article by Carole Beaton
Learning by drinking BC wine
It is Anarchist Mountain that created Mayhem. If you know that the definition of anarchy is “a society without governing bodies”, it seems appropriate that wine derived from grapes grown on said mountain would be named in reference to chaos or rowdy disorder. Further, if the company was created by siblings who shared at least one bottle of wine while discussing the idea for this company, well, you can see why and how Mayhem ensued!
Terry Meyer Stone Ajay Chavan
Terry Meyer Stone had decided to semi-retire and create a bit of wine from their home’s vineyard on Anarchist Mountain, near Osoyoos. Her brother, JAK Meyer of Meyer Family Vineyard, got Terry to sell her Chardonnay and Pinot Noir grapes to him, and then set up a new wine label using other varietals. With Meyer’s focus on those two varietals, it made sense to be supportive and create wines based on other grapes that Meyer wasn’t using, and so the Mayhem portfolio began to blossom.
At present, there are nine wines currently being poured and Mayhem makes a total of about 3,500 cases. Their vineyards range throughout the Okanagan, from Naramata and Summerland, down to Anarchist Mountain, and the wines are very approachable in price. Mayhem’s first vintage was in 2017, and Ajay Chavan is now the winemaker, bringing lots of experience from his stints in Austria, Australia, New Zealand, the United States, and another winery in BC.
Mayhem’s tasting hut is adjacent to Meyer Family’s space, and has a lively, fun atmosphere with the comfortable lounge furniture and tents on the patio in front. When you reserve on line for your party of four, there is a $10.00 per person charge, waived with wine purchase – easy to do! They do have some indoor space if the weather requires, but if you are lucky you will be able to enjoy the outside, as we did when we visited.
We had the knowledgeable Zola Doré as our guide through the Mayhem, although Terry popped by, then the dogs wandered over, and we kept getting distracted from the wine. Good thing we had a half-hour (and a bit) slot!
We started with the 2018 Pinot Gris. It is an easy sipping wine that is fresh and flavourful: orchard fruit. Sadly, we didn’t savour our pour as it went down too quickly!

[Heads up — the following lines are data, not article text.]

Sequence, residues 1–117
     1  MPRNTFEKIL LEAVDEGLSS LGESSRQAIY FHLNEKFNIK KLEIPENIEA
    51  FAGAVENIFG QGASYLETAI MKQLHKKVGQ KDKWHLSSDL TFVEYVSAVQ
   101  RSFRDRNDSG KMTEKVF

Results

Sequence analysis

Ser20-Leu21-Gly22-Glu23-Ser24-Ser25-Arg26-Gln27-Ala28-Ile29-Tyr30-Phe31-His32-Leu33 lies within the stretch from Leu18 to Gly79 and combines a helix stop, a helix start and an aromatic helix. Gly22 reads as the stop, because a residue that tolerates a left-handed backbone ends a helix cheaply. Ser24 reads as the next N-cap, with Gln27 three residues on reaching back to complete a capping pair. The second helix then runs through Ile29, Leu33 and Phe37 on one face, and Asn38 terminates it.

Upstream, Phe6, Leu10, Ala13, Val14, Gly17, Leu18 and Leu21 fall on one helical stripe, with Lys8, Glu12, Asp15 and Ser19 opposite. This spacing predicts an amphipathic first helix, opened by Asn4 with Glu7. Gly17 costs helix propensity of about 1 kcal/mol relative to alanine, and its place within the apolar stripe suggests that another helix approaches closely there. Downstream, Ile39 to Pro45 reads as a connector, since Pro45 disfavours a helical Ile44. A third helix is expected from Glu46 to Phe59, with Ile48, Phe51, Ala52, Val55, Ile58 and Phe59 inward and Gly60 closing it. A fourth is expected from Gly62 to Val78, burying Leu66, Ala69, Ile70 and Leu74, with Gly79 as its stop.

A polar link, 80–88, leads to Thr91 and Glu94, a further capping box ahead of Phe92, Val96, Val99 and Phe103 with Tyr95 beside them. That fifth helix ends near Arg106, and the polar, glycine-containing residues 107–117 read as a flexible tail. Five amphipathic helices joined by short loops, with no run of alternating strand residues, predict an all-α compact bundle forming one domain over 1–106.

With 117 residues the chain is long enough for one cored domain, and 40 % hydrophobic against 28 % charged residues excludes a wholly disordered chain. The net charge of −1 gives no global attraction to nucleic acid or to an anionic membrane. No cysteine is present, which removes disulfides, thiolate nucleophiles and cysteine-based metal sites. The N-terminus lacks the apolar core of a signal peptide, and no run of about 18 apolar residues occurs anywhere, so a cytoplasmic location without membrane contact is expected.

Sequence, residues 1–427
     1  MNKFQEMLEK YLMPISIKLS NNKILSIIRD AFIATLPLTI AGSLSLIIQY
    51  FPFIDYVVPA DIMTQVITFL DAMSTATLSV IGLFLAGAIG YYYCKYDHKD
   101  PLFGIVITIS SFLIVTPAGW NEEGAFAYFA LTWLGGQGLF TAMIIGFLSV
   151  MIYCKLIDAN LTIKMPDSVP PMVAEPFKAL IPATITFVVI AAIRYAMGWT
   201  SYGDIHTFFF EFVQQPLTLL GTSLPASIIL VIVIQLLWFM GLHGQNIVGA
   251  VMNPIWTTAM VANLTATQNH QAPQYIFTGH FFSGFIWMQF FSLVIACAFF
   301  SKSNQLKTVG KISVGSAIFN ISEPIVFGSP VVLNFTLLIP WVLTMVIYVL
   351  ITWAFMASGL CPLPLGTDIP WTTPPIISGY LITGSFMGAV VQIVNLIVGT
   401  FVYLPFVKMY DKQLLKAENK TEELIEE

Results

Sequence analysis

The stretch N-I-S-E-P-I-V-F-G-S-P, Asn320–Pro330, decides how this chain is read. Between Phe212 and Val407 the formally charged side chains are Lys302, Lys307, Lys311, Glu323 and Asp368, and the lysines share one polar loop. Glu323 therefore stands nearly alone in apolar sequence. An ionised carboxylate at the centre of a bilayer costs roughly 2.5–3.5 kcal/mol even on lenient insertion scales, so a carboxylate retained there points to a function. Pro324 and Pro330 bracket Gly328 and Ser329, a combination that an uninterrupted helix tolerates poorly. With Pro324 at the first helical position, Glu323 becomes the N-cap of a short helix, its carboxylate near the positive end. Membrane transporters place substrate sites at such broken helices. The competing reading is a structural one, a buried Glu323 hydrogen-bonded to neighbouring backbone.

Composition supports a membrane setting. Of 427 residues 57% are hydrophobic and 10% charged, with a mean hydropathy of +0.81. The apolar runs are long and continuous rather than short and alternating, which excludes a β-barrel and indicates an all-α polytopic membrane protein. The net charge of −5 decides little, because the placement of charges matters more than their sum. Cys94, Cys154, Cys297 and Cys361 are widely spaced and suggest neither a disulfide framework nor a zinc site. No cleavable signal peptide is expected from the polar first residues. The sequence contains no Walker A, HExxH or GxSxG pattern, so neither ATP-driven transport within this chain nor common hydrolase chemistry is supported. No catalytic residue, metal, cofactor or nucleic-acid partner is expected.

Next up was the Pinot Blanc. Zola told us that this grape has not been widely planted in BC and although used in blending, only a few wineries are starting to present it as a stand-alone varietal. My friend and I agreed that this was a very tasty wine. You can access the spec sheet on line and learn about its production and accolades, but at $15.65 why not just try it for yourself? I do not think you will be disappointed.
The rosé. My friend had received some of this as a gift and it was the reason she insisted we stop by. It is 100% Merlot grapes and just yummy. Terry told us that this wine had been very much “hands on” as this vineyard is on their home property where she and her husband Andrew carefully tend every vine. Zola suggested that we try and age it – like that would happen – as it could have some interesting complexities over time. Lots of flavour and zest in this wine.
Sauvignon Blanc is well established in New Zealand, so having a winemaker raised on the islands means he knows what to do with this grape. Ajay has said that he likes to make wine that opens up as it is poured, and this can be tasted even in the white wines. There is citrus fruit, and stone fruit, and earthiness, and creaminess and spice!
The Mayhem Gewürztraminer is a classic Gew, for me, in nose and taste. It has the lychee nut/sweet rose smell, with some tropical fruit. Crisp and refreshing.
Riesling is rarely my favourite wine at a tasting, as I usually find it a bit sweet when just sipping without food. However, my friend and I agreed that this would be delicious with spicy foods and enjoyed figuring out which fruits we could taste in the glass.
Mayhem currently offers two reds, a Merlot Cabernet Franc, and a Cabernet Franc, and I enjoyed them both as they are big, “beefy” wines. We actually got to taste a 2017 Merlot Cab Franc and the 2018 and it is always interesting to see what a slight change in percentages, as well as another year in bottle, can do. The 2017 had 74% Merlot, 26% Cab Franc, whereas the newer blend is 84% Merlot, 16% Cab Franc. Unfined, unfiltered, and having spent time in French oak and stainless steel, there is lots of flavour in this blend, and it supports Ajay’s belief about opening up as it is poured.
The 2018 Cabernet Franc really must be decanted. Flavourful now, I think that if I put the bottle at the bottom of my rack, or hide it away for a bit, it will be even more delicious as there is so much to taste just now. Mayhem in the mouth?
Finally, Zola convinced us to try their fortified wine. I like port style wines but … a fortified Gewürztraminer? Okay, there is definitely sugar in this wine, on first sip, but then the flavours start to come through – ginger, some tropical fruit - and then the 18% alcohol warms my toes. It doesn’t have the raisin flavour that many fortified wines offer, so it would offer something different as an after dinner sipper.
Although Mayhem is just over two years old, it has lots going for it. The knowledge and enthusiasm of the team, from vineyard through cellar to tasting lounge, all support bringing their delectable wine to the consumer, made even easier with their very flexible Club Mayhem. After all, if “every life well-lived should have a little Mayhem” this team is working to ensure this is exactly what happens.
Mayhem Wines 4287 McLean Creek Rd, Okanagan Falls,
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